It goes without saying that the original Microsoft Edge (Spartan) was significantly better than Chromium-based Edge on touch-enabled devices. At the same time, Windows 10 offers a feature called “tablet mode” that optimizes the interface of the OS as well as apps like Edge (original) to make the most out of a touchscreen-enabled PC.
That dedicated tablet mode is no longer available in Windows 11 and Chromium Edge also doesn’t come with its own tablet mode…. until now.
Microsoft is apparently working on a dedicated ‘touch mode’ for Chromium Edge on Windows 11 and Windows 10. Edge’s new touch mode, which is available in the development channel (Canary), may have the potential to significantly improve web browsing experience on a tablet or touchscreen-enabled PC.
The feature is available in Edge’s appearance settings and it’s called “Tablet mode”, and it’s exactly what it sounds like.
“This setting lets you choose when touch mode is turned on,” the feature reads. The default mode is “Auto” where touch mode will automatically turn on when Edge recognizes you’re using your device as a tablet.
The second option ‘On’ force enables touch mode on any device while the third option makes sure you never accidentally turn on the feature.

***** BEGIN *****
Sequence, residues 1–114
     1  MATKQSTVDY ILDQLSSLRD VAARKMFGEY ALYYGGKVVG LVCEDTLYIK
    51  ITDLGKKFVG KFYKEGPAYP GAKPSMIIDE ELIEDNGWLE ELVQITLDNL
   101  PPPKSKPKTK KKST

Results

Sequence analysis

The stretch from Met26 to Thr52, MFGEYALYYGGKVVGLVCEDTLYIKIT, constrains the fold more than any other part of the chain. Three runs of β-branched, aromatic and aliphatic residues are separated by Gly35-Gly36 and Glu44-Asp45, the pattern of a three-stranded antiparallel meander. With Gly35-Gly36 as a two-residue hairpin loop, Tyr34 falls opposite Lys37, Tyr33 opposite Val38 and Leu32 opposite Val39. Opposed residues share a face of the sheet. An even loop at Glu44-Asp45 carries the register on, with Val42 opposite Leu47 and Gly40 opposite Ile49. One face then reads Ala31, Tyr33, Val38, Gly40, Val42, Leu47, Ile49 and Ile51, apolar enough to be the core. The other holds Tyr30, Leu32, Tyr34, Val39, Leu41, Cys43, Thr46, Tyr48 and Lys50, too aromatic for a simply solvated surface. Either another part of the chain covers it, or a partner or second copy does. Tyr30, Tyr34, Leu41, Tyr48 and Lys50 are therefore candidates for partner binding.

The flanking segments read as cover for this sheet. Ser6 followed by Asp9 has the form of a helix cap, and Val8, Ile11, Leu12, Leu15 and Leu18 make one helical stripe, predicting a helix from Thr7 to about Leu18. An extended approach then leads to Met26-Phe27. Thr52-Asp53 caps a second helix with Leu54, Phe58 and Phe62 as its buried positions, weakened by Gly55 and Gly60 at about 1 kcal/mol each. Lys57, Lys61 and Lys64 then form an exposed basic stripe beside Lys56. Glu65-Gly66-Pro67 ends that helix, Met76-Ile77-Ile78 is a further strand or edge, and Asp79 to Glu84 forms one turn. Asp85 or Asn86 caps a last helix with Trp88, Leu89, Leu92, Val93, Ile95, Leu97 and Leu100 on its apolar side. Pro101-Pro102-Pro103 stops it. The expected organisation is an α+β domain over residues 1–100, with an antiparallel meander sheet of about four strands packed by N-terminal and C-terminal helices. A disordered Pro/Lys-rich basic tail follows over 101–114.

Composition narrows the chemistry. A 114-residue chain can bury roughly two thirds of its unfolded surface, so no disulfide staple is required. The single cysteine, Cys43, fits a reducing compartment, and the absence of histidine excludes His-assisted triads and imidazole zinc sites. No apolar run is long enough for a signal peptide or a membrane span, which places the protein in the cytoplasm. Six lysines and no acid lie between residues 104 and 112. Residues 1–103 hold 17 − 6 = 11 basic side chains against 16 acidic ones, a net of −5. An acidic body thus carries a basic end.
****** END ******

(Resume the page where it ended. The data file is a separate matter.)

This is an optional feature and it can help users with touchscreen-enabled PCs to use their devices by touching the screen. For now, Edge’s tablet mode changes the size of the tab strip only, so you can easily drag and drop tabs or close tabs without accidentally opening another tab on a touch-enabled PC.
We’re expecting more improvements to Edge’s built-in touch mode in the coming days. For example, Edge touch mode could eventually introduce large icons, a large menu, fewer options displayed at the same time, and more.
The difference between the two modes would be their appearance. While the classic non-touch mode aims to provide smaller icons and a more compact interface for mouse and keyboard users, the tablet mode largely would kill tiny icons in favour of large icons.
Edge on tablet is a mess, according to many users
The tablet mode may not be able to solve the fundamental issues with Edge’s touch experience. As pointed out by our reader “NiveaGeForce”, there are various tablet-specific issues with Edge.
For example, Edge doesn’t let tablet users “drag tabs from single-tabbed windows out of the window (it just fails to move) to another window with touch”. Likewise, text selection in Edge on a touch PC is also unreliable and doesn’t adhere to Windows conventions.
Microsoft officials have confirmed they’re actively looking into these Edge touch issues, but we haven’t seen any significant touchscreen-related fixes to the browser in the past several months.
Other improvements coming to Edge: file sharing
Microsoft Edge is also getting support for a feature called ‘Drop’ which is a new way to easily share files across your devices using the browser’s OneDrive integration.
This is also heading to select users in the Canary branch on Windows and we don’t know when users in the production channel can expect any of these improvements.